11. 11. All Land Uses have a Water Profile Data from A Nutrient Credit Trading Framework for the Jordan Lake Watershed: Using Market-Based Mechanisms to Make Watershed Restoration More Cost-Effective http://www.cfra-nc.org/documents/FinalReport-FullReport_000.pdf 16% 7% 6% Other 6% 9% 3% Commercial/ Industrial 15% 19% 56% Forest 51% 36% 20% Agriculture 1% Residential (MF) 12% 29% 14% Residential (SF) Contribution to P Load Contribution to N Load Land-Use Sources
  12. 12. All BMPs have a Volume/Pollutant Profile STORMWATER FLOW AND QUALITY, AND THE EFFECTIVENESS OF NON-PROPRIETARY STORMWATER TREATMENT MEASURES — A REVIEW AND GAP ANALYSIS (2004) Monash University (Australia) http://www.catchment.crc.org.au/pdfs/technical200408.pdf Volume of water flow Suspended Solids Nitrogen Phosphorus
  13. 13. All Land Uses have a Water Profile STORMWATER FLOW AND QUALITY, AND THE EFFECTIVENESS OF NON-PROPRIETARY STORMWATER TREATMENT MEASURES — A REVIEW AND GAP ANALYSIS (2004) Monash University (Australia) http://www.catchment.crc.org.au/pdfs/technical200408.pdf Barriers: It takes time and money to measure predevelopment conditions and post-development conditions
  14. 14. LID Can Improve Water Quality & Water Quantity How we develop Where we develop (and where we do not) What we do with the Run-off (Pipe or Percolate)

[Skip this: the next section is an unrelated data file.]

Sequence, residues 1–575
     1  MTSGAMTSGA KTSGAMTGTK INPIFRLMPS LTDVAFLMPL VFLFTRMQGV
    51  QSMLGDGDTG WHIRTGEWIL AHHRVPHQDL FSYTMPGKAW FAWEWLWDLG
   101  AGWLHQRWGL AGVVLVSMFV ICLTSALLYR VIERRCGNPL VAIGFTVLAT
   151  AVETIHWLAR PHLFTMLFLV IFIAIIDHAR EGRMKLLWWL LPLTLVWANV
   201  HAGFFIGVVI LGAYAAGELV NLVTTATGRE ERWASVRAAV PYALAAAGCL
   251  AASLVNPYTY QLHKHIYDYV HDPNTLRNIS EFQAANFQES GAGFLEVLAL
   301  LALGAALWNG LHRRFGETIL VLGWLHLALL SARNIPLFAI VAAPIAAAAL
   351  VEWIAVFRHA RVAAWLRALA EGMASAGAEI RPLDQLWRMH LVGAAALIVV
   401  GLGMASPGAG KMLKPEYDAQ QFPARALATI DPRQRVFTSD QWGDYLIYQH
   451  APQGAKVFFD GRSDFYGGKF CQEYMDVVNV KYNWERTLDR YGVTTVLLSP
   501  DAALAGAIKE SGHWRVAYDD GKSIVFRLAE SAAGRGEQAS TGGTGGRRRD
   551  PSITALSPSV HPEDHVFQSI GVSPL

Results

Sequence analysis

15. 15. LID Can Improve Water Quality & Water Quantity http://www.epa.gov/smartgrowth/water_resource.htm http://www.epa.gov/smartgrowth/water_density.htm
  16. 16. LID Can Improve Water Quality & Water Quantity http://www.jordancove.uconn.edu/jordan_cove/publications/final_report.pdf <ul><li>Impacts on Land Start At the Grading Stage </li></ul><ul><li>Fertilizers can have an impact on water quality, even in LID Neighborhoods </li></ul><ul><li>Volume and Peak Flows were kept at predevelopment levels. </li></ul><ul><li>Need to Control Compaction, Minimize Soil Disturbance, and have on-site supervision. </li></ul>
  17. 17. LID Can Improve Water Quality & Water Quantity http://www.nahb.org/fileUpload_details.aspx?contentID=112936 <ul><li>Development Impacts Water Quality </li></ul><ul><li>Alters Stormwater and Wastewater Flows </li></ul><ul><li>Negatively Impacts water-related ecosystems </li></ul><ul><li>Impacts water Quality through </li></ul><ul><ul><li>Creation of Impervious Surfaces </li></ul></ul><ul><ul><li>Spatial Position of Development relative to natural features </li></ul></ul><ul><ul><li>Introduction of Contaminants </li></ul></ul><ul><li>Impacts Wastewater through consumption of water and the Stormwater it generates </li></ul>